Littleton’s signature community celebration is back as the 91st Annual Western Welcome Week runs for 10 days from Aug. 9-18. This year’s theme is “The Tradition Continues.” Cindy Hathaway, …
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Littleton’s signature community celebration is back as the 91st Annual Western Welcome Week runs for 10 days from Aug. 9-18.
This year’s theme is “The Tradition Continues.” Cindy Hathaway, executive director of Western Welcome Week, said the theme is fitting because the celebration is a staple of the community. WWW is also such a longstanding tradition that it was registered as a Local Legacies event by Congress.
“The 100-year celebration seems like it will be here tomorrow because time goes by so fast,” Hathaway said in the leadup to this year’s event. “Western Welcome Week continues to be a source of pride for generations here.”
While some traditions have come and gone though the years, Hathaway said it’s the parade that is the event highlight, occurring each year since the first WWW (then called “Homecoming”) was held in 1929 — and this year’s parade is expected to be as big as ever.
Hathaway said the parade’s 2019 grand marshal was selected in keeping with the theme of celebrating tradition — Mickey Kempf, of Bradford Auto Body. Kempf was chosen because of his family’s strong ties to Littleton and a tradition of carrying on the family name and serving the community well. Hathaway said Kempf carries on the commitment to community of his mother and stepfather, Mary and George “Brad” Bradford.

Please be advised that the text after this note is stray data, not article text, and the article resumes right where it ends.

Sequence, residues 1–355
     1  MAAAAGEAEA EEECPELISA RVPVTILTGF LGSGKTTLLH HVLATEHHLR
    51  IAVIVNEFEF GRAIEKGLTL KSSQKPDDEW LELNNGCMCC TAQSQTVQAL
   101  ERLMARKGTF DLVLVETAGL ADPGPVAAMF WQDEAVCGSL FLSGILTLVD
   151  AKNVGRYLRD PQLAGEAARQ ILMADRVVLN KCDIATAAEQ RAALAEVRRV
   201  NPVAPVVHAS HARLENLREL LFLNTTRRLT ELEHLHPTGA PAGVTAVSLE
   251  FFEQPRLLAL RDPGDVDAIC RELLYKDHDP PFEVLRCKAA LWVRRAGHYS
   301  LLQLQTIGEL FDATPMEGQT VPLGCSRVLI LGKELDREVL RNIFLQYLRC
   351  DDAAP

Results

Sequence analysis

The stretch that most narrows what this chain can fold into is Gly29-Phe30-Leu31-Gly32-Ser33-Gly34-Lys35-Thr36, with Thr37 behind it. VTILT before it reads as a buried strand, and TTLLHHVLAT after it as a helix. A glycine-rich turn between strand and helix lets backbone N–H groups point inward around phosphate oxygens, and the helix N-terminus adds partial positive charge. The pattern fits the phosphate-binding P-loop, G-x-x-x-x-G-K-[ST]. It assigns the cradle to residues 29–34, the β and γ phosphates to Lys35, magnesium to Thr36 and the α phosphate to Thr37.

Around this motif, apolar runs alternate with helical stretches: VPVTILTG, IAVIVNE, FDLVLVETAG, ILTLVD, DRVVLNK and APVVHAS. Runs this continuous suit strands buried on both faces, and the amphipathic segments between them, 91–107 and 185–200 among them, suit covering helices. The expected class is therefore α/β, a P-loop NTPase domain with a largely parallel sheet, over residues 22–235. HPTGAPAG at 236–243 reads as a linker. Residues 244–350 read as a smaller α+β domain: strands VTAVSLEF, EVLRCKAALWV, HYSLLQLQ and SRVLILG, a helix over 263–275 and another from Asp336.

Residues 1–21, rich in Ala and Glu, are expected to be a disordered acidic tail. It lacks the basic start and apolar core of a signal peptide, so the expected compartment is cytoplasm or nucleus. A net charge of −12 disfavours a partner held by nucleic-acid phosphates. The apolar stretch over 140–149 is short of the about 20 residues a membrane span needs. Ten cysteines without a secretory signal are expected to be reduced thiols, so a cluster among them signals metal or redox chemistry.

The Bradford family will also be represented in an old tradition being brought back. This year, the duck race will return to the event lineup. Named the Bradford Duck Race, participants will be able to purchase a duck to race in Little’s Creek. The revived duck race in 2019 is presented by the Henry Design Group and sponsored by Meretta Law.
The ducks will be released to race along the creek on Sunday, Aug. 11, at 2 p.m. Hathaway said the duck race has come and gone over the years, with the original races being held back in the 1970s.
Sean Swallow said he’s excited to have the duck race back this year as he recalled enjoying the tradition as a kid in 1979.
“It’s a great part of Western Welcome Week,” he said. “It’s so much fun. I remember as a kid chasing my duck down the river.”
Hathaway said naming the race after Brad and Mary Bradford is fitting because it honors the philanthropy and community fun that the Bradfords enjoyed.
To learn more about purchasing a duck to participate in the race, visit the website at westernwelcomeweek.org. Participants must be present to win.
Don’t forget the food
Hathaway said as with every year, the food is a big part of the event, especially at this year’s 19th Taste of Western Welcome Week.
“We have so much beer, wine and food — this is truly a great event,” Hathaway said. “We highlight local restaurants and breweries, and for the price, you can’t beat this part of the celebration.”